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The Market Update

See what's been happening in the markets with our Chief Investment Officer, Colleen McHugh.
Downing Street London Street Sign
Reading time: 5 mins

If they say a day is a long time in markets, then the period since our previous market update – 5 weeks – seems more like an eternity given all the change that has happened since. 

At Wealthify, we don’t build investment plans based upon such short timespans; we build our customers’ plans to deliver their financial goals over the longer term. However, amidst all the recent political noise, it would be remiss not to offer market commentary at this time and flag any short-term potential impact on your investment plan. 

Geopolitics is certainly throwing up more issues than usual for investors, and our customers. Since my last blog, we have another new Prime Minister (our third in eight weeks) and a new Chancellor.   

Given that we build globally diversified investment plans, it’s also important to be aware of what is happening outside of the UK. Sadly, the awful war in Ukraine seems to have no end in sight, which continues to impact supply-chains and energy prices, causing inflationary pressure — as well as create a wider economical ripple effect in Europe.

In Italy, the excitement of seeing its first female Prime Minister being elected, Giorgia Meloni, is being drowned out by the fact that she is also the most far-right leader of Italy since Mussolini. In China, Xi has cemented a further term in office, and has created a new administration with an increasingly hostile position towards the US.

Oh, and let’s not forget the midterm elections coming up in the US — which seem likely to widen political divides even further. 

What gives? And do you need to be worried about all this geopolitical stuff? 

Geopolitics is important, and we are certainly mindful of these risks as we manage your investment plan. However, the reality is that geopolitics typically has more of an immediate, short – and sometimes sharp – impact on stock markets. Over the longer term, these short-term moves usually appear as a blip on the normal upward trajectory of stock markets (historically, that is).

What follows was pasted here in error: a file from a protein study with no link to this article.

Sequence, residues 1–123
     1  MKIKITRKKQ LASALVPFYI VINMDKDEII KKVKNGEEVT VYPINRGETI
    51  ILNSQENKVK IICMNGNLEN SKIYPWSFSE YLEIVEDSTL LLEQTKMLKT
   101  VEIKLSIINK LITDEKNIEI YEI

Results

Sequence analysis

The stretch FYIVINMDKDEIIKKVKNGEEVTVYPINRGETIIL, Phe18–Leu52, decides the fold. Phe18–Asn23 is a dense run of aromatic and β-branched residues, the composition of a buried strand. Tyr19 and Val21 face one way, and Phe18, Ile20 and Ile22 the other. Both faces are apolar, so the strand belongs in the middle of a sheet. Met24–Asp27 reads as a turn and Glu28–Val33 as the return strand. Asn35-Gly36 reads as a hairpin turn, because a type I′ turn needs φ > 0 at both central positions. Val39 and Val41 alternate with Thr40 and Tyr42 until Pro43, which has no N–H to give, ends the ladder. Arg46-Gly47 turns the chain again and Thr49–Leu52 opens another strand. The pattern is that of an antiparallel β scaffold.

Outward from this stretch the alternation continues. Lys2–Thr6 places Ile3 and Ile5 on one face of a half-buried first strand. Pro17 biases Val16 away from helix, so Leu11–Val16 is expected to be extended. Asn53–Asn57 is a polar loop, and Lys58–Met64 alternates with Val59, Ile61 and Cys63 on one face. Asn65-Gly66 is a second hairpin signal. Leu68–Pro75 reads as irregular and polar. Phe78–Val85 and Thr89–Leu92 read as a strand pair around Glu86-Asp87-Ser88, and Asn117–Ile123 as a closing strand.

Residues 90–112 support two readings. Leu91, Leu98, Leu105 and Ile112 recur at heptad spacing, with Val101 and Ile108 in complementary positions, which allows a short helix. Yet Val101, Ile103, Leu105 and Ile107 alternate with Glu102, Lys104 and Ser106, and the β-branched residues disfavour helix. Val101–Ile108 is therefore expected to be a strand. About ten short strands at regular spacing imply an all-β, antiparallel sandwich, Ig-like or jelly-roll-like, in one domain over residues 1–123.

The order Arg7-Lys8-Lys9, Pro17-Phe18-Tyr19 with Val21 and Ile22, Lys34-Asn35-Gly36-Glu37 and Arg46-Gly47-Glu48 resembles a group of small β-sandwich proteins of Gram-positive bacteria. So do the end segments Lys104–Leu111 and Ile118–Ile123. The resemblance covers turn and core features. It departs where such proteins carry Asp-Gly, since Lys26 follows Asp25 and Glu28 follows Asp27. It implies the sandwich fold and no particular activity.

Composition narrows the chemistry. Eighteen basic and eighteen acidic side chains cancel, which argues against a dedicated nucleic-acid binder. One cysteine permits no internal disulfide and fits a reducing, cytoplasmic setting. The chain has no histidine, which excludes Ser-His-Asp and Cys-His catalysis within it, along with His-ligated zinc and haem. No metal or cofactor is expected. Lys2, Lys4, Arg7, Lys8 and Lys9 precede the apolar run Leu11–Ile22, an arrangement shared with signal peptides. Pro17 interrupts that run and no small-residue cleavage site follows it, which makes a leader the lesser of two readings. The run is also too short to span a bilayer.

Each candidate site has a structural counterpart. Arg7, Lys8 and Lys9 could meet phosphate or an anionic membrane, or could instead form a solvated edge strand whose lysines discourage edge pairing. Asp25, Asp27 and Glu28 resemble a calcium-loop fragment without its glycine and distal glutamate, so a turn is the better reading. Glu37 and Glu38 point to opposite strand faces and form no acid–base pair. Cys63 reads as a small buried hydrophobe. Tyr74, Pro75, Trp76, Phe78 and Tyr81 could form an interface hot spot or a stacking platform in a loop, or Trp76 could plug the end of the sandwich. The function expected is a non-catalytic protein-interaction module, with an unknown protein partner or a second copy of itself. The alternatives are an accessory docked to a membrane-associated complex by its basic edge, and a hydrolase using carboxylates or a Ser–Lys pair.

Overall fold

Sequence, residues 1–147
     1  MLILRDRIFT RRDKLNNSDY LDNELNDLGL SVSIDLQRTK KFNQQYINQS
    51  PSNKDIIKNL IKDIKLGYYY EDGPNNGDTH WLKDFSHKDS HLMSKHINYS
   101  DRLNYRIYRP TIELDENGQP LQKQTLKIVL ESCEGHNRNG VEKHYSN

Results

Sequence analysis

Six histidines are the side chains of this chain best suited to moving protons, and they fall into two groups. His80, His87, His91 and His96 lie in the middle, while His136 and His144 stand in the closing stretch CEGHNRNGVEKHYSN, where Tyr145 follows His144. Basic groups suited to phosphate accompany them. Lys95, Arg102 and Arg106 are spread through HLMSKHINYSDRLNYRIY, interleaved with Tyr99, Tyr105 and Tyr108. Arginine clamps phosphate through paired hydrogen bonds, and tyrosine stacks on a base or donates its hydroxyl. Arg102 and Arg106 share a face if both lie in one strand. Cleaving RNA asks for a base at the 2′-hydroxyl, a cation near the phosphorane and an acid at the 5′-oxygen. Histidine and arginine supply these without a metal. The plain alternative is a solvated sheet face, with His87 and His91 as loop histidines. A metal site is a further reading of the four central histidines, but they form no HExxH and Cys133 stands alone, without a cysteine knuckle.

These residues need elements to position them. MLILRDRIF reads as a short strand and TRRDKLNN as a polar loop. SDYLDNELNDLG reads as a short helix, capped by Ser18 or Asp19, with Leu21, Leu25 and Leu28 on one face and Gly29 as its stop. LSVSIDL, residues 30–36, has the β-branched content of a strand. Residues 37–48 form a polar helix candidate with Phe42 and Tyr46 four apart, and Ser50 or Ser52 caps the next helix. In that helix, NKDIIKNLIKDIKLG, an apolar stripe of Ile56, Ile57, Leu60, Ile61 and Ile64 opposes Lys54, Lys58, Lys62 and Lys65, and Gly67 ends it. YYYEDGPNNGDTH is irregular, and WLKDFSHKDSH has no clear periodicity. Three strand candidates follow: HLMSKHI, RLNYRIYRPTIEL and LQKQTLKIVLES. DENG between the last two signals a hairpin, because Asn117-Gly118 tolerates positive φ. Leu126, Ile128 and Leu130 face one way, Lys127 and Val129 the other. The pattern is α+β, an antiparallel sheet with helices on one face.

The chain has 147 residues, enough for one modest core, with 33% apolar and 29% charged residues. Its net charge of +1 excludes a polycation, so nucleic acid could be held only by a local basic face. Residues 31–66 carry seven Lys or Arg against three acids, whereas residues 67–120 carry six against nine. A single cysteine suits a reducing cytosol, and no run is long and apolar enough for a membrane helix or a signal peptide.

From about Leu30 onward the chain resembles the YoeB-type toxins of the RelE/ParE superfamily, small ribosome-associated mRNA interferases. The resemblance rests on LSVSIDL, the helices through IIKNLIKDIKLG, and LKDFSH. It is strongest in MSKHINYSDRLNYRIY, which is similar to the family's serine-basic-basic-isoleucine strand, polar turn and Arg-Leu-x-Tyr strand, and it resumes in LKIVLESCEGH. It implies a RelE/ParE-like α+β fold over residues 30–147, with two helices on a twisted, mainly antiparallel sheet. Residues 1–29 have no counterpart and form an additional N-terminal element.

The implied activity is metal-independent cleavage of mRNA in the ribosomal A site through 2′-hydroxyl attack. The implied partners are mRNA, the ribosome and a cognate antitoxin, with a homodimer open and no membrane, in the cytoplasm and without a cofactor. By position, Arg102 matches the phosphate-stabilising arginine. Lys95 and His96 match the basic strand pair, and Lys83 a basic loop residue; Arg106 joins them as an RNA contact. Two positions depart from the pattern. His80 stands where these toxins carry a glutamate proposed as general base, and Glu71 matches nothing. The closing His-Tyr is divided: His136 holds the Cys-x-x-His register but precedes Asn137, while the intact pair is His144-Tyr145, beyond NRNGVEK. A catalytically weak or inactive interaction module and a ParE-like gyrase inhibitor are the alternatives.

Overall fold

As an example, recent UK experience comes to mind when, in the space of five days in September, the price of the 30-year gilt fell more than 24% (as of the date of writing, the price has thankfully returned to pre-mini budget levels). Indeed, the move was more akin to what can happen in emerging market government debt, and not what we’d expect from a Sovereign with a reserve currency status, such as the UK. 

Geopolitics aside, the real game in town right now remains rising inflation and moves by central banks globally to aggressively raise interest rates to quinch it. Whilst we don’t believe we have yet reached peaked inflation, markets (ignoring specific tech stocks such as Meta) – the S&P 500, for example – are up of late some 8% from the lows of two weeks ago.

Markets moving up always feel better than those moving down, and some analysts are pointing to the bottom for equity markets having been reached already. I should point out that we had such a bear market rally in June, and after the volatility of this year, feel less convinced were seeing the bottom of this economic cycle now.   

We’ve been busy making changes to your plans that we believe will stabilise your performance, whilst ensuring we are positioned for growth once the markets turn. We remain vigilant to further economic turbulence, and are actively managing and monitoring risk levels, which will likely change as the data we analyse changes.

We remain comfortable that our current positioning offers some defence against possible further market declines, whilst at the same time being poised for the eventual market recovery.  

In answer to the inevitable question that parents are always asked on that long car journey: “Are we there yet?” 

Our experience suggests, no, not quite yet. 

Please remember the value of your investments can go down as well as up, and you could get back less than invested. Past performance is not a reliable indicator of future results. 

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